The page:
Key stakeholders convene ahead of the G20 second health working group meet in Goa
Discussions were held to strengthen global collaboration in research and accelerate regional manufacturing for diagnostics
The Department of Pharmaceuticals, Government of India, FIND and Unitaidco hosted a high-level meeting to strengthen cooperation and enable sustainable development and manufacturing of effective, quality and affordable diagnostic countermeasures before the G20 second health working group meeting, which will take place till April 19, 2023 in Goa.
Stakeholders in attendance included representatives of the Government of India and G20 Member States (Australia, France, the UK, Indonesia, Russia, Brazil and observers Mauritius, Netherlands, Oman), international organisations and over 20 diagnostics manufacturers from around the world.
While inaugurating the event, S Aparna, Secretary of the Department of Pharmaceuticals, said, “The centrality of diagnostics extends far beyond testing for a pandemic. Diagnostics are key to preventing and treating diseases optimally and by extension achieving universal health coverage (UHC). The Government of India is committed to ensuring quality, affordability and access to diagnostics. We hope that the deliberations from today will be taken forward at the second Health Working Group meeting tomorrow.”
Regional development of diagnostics products through region-appropriate research and decentralized production of diagnostics can help reduce disparities, enhance health security, including pandemic prevention, preparedness and response capabilities, support UHC and contribute to regional economic growth.
Sanjay Sarin, Vice President of Access, FIND, said, “The pandemic has bolstered the role of a more decentralized model for manufacturing diagnostics, one that combines global and regional manufacturing alike, in support of equitable and sustainable access to diagnostics worldwide. In line with the priorities of the G20, we believe that decentralized manufacturing supports the broader mission of expanding access to diagnostics and achieving UHC.”
The meeting was built on a successful two-day technical workshop on April 13–14 in Goa, organised by FIND and Unitaid and attended by over 20 diagnostics manufacturers from 13 countries. The workshop focussed on the development, manufacturing, and commercialisation of tests for low-and middle-income countries (LMICs), and the need to accelerate regional production of diagnostics in LMICs. It provided an opportunity for diagnostic manufacturers to deliberate on the enabling factors required for the sustainability of decentralised diagnostic R&D and manufacturing.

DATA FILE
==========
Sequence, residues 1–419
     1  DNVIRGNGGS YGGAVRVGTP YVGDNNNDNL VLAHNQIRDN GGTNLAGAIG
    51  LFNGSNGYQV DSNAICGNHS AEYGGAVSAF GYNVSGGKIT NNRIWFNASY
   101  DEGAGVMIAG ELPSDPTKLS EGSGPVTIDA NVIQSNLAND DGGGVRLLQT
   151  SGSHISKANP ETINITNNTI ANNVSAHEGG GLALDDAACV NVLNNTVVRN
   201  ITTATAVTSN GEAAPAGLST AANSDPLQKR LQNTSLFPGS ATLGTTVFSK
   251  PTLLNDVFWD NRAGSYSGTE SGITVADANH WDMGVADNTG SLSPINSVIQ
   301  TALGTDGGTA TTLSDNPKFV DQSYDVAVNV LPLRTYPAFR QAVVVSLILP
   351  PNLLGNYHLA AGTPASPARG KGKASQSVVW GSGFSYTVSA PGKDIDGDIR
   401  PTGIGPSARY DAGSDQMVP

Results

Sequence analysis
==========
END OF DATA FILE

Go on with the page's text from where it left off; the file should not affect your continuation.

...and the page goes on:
As a result of the workshop, manufacturers clearly stated their interest in establishing partnerships to facilitate the transfer of technology, know-how, and capacity building. Manufacturers also highlighted the need for countries to develop national diagnostic strategies with concrete budget allocations and procurement frameworks prioritizing sourcing of regionally manufactured tests. They stressed the need for governments and development partners to continue strengthening regulatory mechanisms and to make clear commitments to facilitate harmonisation and fast-track regulatory processes for regionally manufactured products.
Finally, in line with the India G20 Presidency goals, there was agreement that funding needs to be made available to create and maintain capacity for coordinated global manufacturing, R&D and technology transfer.
Robert Matiru, Director of Programmes, Unitaid said, “The problems are clear. It is now critical that we take bold action and prioritise innovations that drive the availability and equitable access to essential health technologies, including diagnostics. At Unitaid we are committed to adopting a market-based approach to accelerate, expand and sustain regional production, and will work with our partners to explore all solutions towards building more resilient health access globally.”
The meeting today provided an opportunity for diagnostics industry partners to put forward their recommendations to the G20 Member States so that they can be taken into consideration during the G20 second health working group meeting which has outlined “Strengthening cooperation in the pharmaceutical sector with a focus on availability and access to safe, effective, quality, and affordable medical countermeasures — diagnostics, vaccines and therapeutics” as a key priority.
Summarising the discussions, Dr Rajiv Bahl, Secretary of the Department of Health Research and Director-General, Indian Council of Medical Research said “The need for diagnostics is immense. As we move forward into the second health working group meeting, it will be important for G20 countries to consider measures for greater investment in diagnostics, collaborative R&D and manufacturing networks that complement existing efforts and strengthen local capacities and address policy, infrastructure and human resource related challenges.”